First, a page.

Sacred Interface

Recently I had the odd occasion of checking out a physical copy of a book from my university library. It reminded me of how I used to get dizzy walking the many parallel rows of shelves at my local library as a child.

I remember the different spaces of the Shelby Township Library in images and emotions that flutter up to the surface of my memory and wash back just as easily. It has been at least a decade (likely longer) since I was last there. My mother took me very often as a child, and I was enrolled in a few children's reading groups as best I can remember.

The front doors were manned from the inside by large white pillars equipped with sensors to catch book thieves. I remember the constant worry that overcame me whenever I entered or exited them, as if I might be stealing something without my own knowledge. The circulating reference desk hid a massive dictionary behind it, held up on an ornate wooden book-holder. The lighting here was dim, and I remember gazing at the cobwebs in the corners of the ceiling that flapped every time the air conditioning or heat cranked on.

There was a small common area in the middle of the rows of books. It was lit by small skylights on the ceiling above, and smelled like wood varnish more so than the rest of the library. In my mind I can make my way from the front desk towards the common area, and I pass a spinning rack full of trashy romance novels. One cover is deep purple, with orange lettering. I remember snickering to myself at how similar the figure on the cover of the book resembled Fabio, whom I knew from a popular margarine commercial on television.

Rows of booksEndless, symmetrical rows of books.

Outside of the bright common area, the long rows of the library are shadowy and smell a little like mildew. Every few rows a small stepping stool sits, but otherwise the long halls are indistinguishable. It is here that I get dizzy. My mother is on her own in a row somewhere else, and I've ventured inward. It is farther, darker. I start peering at the colored book jackets: beige, maroon, black, and dark turquoise. I start mouthing out the names on the spine of each book. The books are old, older than me. I heft one up off the shelve and open to a page in the middle. This catapults some emotion up from my chest into my throat. I can't stop wondering about the last time this book might have been read. Pencil marks, finger smudges, or ripped pages mark someone else's time with the book. Every book I open feels like a black hole pulling me in to someone else's experience. Something about the thousands of pages to be opened, the seemingly endless symmetry of shelving, the dim lighting, and the noxious smell of books and old wood overloads my senses.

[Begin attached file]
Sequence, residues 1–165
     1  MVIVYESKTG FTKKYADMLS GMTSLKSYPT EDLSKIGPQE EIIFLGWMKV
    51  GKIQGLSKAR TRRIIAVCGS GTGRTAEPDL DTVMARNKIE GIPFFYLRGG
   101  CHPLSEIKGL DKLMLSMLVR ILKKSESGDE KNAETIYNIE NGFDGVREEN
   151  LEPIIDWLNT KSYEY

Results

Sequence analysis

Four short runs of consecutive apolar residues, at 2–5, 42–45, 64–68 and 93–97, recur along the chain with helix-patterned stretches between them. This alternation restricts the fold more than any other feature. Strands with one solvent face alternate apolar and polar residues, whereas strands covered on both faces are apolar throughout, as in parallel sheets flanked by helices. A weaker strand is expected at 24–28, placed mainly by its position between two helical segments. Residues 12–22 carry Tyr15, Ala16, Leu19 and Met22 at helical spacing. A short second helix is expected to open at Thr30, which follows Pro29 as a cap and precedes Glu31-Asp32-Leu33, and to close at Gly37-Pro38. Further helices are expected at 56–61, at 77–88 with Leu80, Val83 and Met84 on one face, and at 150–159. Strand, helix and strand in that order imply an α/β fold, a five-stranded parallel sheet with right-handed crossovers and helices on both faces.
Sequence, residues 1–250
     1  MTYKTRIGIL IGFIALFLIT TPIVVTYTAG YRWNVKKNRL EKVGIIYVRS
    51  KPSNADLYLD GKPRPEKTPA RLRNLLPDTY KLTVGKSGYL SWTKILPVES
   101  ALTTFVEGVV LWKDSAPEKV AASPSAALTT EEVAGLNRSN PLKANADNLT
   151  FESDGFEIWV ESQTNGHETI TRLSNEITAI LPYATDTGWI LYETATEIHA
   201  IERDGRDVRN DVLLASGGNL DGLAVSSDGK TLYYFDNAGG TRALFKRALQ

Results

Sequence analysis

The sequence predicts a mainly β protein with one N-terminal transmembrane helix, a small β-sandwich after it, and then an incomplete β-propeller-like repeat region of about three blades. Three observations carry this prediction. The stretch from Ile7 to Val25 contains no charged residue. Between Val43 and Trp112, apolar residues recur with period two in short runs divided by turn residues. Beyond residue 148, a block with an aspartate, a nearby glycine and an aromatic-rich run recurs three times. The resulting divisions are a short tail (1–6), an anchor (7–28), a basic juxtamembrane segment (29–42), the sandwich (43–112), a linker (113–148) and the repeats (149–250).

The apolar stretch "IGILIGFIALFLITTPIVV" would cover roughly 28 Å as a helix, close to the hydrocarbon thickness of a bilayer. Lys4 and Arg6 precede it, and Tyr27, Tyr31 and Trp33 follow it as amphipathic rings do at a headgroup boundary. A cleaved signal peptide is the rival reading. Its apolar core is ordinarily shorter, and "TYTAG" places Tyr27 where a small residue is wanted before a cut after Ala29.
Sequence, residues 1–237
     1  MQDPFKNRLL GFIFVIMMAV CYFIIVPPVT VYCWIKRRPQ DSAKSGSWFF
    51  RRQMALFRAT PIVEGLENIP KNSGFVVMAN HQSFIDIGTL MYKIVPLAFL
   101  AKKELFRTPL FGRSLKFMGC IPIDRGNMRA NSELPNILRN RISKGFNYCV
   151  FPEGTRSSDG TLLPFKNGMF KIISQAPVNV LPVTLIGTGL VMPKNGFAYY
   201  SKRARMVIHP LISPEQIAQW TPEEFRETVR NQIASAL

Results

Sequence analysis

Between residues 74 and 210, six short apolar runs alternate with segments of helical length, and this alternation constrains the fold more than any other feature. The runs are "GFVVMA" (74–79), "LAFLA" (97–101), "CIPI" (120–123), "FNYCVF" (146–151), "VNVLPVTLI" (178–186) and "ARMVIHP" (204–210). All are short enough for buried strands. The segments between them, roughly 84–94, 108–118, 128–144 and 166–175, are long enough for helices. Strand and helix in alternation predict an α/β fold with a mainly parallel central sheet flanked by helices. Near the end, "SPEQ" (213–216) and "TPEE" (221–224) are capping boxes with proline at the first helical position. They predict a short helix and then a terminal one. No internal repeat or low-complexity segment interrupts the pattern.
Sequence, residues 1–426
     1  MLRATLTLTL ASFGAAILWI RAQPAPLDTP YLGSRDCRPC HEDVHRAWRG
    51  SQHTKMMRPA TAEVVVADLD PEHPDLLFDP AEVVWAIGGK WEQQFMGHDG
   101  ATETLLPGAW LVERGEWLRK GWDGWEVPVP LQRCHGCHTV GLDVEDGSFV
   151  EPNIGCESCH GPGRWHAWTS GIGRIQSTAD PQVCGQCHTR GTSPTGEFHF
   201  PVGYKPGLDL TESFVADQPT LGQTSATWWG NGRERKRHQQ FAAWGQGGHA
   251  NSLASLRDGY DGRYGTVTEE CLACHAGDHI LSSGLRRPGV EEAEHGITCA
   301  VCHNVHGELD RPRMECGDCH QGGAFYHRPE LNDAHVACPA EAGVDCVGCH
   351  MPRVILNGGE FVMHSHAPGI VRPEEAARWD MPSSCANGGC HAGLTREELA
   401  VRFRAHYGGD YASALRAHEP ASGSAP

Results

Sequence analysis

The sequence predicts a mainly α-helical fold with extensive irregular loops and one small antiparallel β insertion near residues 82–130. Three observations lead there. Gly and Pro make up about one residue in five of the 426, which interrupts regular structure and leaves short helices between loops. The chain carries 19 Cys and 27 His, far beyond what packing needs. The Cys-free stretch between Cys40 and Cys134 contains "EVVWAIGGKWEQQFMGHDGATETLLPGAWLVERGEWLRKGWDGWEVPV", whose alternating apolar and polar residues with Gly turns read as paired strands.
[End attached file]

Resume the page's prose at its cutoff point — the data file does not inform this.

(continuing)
What I think overtook me in those kinds of moments was something uncanny about books. They were, for me, both temporal and timeless all at once. The moment of opening up a random tome made me imagine cirucumstances in which someone would read it (perhaps the last person to check it out) while also simultaniously experiencing the moment of opening it myself without any knowledge of its content. As a young child, this had an odd effect on me, and I often felt like opening books in this way was a looking glass into someone else's physical experiences with a text.

Opened bookOpening a book like peering into another's physical experience with a text, from some time ago.

As a child I often felt out of place. The in-between state of opening an old book that I had no reason to read felt very much like an "out of place" moment. Each book I opened in this fashion kicked me into a place—an "out of place"—that caused me to feel as if I had intruded on something, like barging into someone's living room uninvited. The proper way to open a book was on page one, and jumping into a library book, especially those marked by age and wear, was jarring. All of the physical manifestations of "use" etched a history onto the interface of each book, something I noted then with intense interest.

In my childhood, books in the library differed from store-bought books in that they had a history of use. Libraries are communal spaces, but so are the books within them. The experience of reading a text, beyond just the memory of its content, was something I attuned myself to as a child. An overactive imagination probably contributed to the gravity of those events, but they were sparked by an engagement with a community of readers I could only imagine. The library was sacred, and the spaces within it—the circulating reference, the common area, and the interface of the books themselves—held meaning and a history of experiences.

I read too often now to contemplate the etchings in the interfaces of my books (also, most of them are purchased new). What strikes me in reflecting on my childhood interest in this sort of "history of use" is my recognition of a community strung out along a timeline. To read a book was to add my history of use to the community's, and similarly to jump straight to the middle of a text was to intrude on it without due course.

The experiences of others—etched into the interface of the book—were punctam and out of sorts with my "schooled" understanding of a book as access to knowledge. There were felt elements to a text as well (though perhaps thinking I could "feel" them as a child was immature). These felt elements, the punctam emotions and memory glimpses of another's experiences, along with my own, are what I hoped to recover in reflecting on these childhood experiences. Reading as a grade-schooled, print-literate child meant "learning," but that process of learning was stung by personal experience, something that is often shed or discarded as insignificant in Literacy. Electracy, in my own grappling of the term, aims in part at this recovery.